The yen and Japanese equities in historical perspective

- The yen has risen roughly 4.2x in the last 40 years
Yen to get stuck in ¥70/$-¥80/$ range? — "Yen strengthening is not something that suddenly started yesterday. Since the fixed exchange rate system came to an end in 1971, the yen has risen 4.2x against the US dollar. We need to look at a risk scenario in which US long-term interest rates fall, the yen strengthens, and share prices remain depressed."
A strengthening yen is a long-term trend — "The yen’s nominal effective exchange rate rose 4.56x against the US dollar in the four decades or so from January 1970 to end-July 2010. In the space of the 39 years from August 1971, when the yen was at ¥360/$ (a fixed rate), the Japanese currency has risen 4.24x to ¥85/$."
Why the yen has risen long term — "Japan’s current account-to-GDP surplus has historically been high. In recent years, while the balance of trade surplus has been shrinking, net factor income (income from investments made abroad, etc.) has been rising. In 2009, the current account surplus was ¥13.2trn, with the income surplus coming in at ¥12.3trn."
Japan, overseas interest rate differentials narrowing — "The balance of overseas securities investments rose to ¥262trn at end-2009 from ¥131trn at end-1999, with the balance of overseas net assets rising over the same period to ¥266trn from ¥84trn. These increases in capital transactions are exacerbating the impact of Japanese and overseas interest rate differentials on the forex market."
US interest rates in long-term decline — "Over the long run, we believe the falling US nominal growth rate is causing long-term US interest rates to decline. The peak in the US nominal growth rate came in 1978 at 13.0% (real growth rate of 5.6%, CPI growth of 7.6%)."
Powerful downward pressure on interest rates in the near term, too — "We expect US core inflation to be weak for a while, due to the decline in rents. We also think tax increases are likely to be implemented as proposed. We thus conclude that rebounds for US long-term interest rates, the dollar versus the yen, and Japanese equities will depend on us seeing some positive metrics for the US economy."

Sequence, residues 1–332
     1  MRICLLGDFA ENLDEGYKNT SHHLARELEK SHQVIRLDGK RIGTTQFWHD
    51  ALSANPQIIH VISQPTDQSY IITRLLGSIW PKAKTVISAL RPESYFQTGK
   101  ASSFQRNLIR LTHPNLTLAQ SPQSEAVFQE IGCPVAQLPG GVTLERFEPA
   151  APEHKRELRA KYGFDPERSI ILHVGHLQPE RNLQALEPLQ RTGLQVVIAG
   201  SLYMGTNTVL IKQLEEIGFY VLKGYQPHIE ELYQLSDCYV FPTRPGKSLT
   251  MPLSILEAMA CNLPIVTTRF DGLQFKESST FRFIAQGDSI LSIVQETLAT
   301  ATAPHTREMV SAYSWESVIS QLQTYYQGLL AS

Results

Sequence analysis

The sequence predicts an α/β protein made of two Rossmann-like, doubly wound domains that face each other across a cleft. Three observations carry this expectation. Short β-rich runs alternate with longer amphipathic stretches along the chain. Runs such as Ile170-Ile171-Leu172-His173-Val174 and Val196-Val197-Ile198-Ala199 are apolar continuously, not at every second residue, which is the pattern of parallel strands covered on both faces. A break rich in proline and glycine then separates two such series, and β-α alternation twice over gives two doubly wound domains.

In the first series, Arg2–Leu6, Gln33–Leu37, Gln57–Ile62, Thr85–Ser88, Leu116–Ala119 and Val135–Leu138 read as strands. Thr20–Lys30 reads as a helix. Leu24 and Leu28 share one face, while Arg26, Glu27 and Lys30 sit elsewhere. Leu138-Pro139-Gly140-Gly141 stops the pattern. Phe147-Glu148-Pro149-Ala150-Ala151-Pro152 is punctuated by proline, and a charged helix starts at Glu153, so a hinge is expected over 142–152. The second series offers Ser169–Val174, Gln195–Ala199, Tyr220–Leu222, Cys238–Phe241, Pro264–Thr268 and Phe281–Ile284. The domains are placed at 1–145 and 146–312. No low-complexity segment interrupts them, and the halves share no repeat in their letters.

- Turning point will not be policy but a bottom for the US economy
No hopes for policy action — "The BoJ has decided to supply around ¥10trn in new funds to the market. This equivalent to no more than 0.7% of broadly defined liquidity (¥1,455trn). The fiscal response is also likely to be a drop in the ocean. We doubt there will be any big changes in the near term to the weak US economy, declines in long-term US interest rates, yen strength, and low share prices."
No prospect of bold forex intervention — "The Obama administration is aiming to significantly shrink the US fiscal deficit and at the same time is adopting a strategy of promoting exports to grow the economy. We think that President Obama, who with a support rate of around 45% and 50% of voters opposed to him is finding his popularity flagging, would actually welcome steady dollar weakening."
Overshoot — "We feel investors need to keep in mind a risk scenario in which the markets overshoot, with the yen surging into the ¥70/$-¥80/$ range, US long-term interest rates plummeting into the 1%-2% range, and the Nikkei tumbling to around 8,000. However, our base case is for rising US long-term interest rates, yen weakness, and rebounding Japanese equities over the longer run."
Advantages of lower interest rates — "We recommend investing in real estate, tourism, and telecom stocks, domestic-demand plays that benefit from deregulation. We think additional monetary easing and falling long-term interest rates will benefit companies such as Sumitomo Realty & Development, All Nippon Airways, Central Japan Railway, and SoftBank, which have relatively low shareholders’ equity ratios."
Asia-related names have been doing well — "In August, it was domestic-demand stocks that outperformed, with global cyclicals and exporters suffering big pullbacks. Even though export-related names were slack overall, the shares of Asia-related names such as Daihatsu Motor and Isuzu Motors were relatively strong."
Resource and energy names — "There is not infrequently an inverse correlation between the dollar’s real effective exchange rate and the real price of crude. For investors expecting a fall in the dollar, we think it would be desirable to increase holdings of resource and energy names such as Sumitomo Metal Mining and Mitsubishi Corp."


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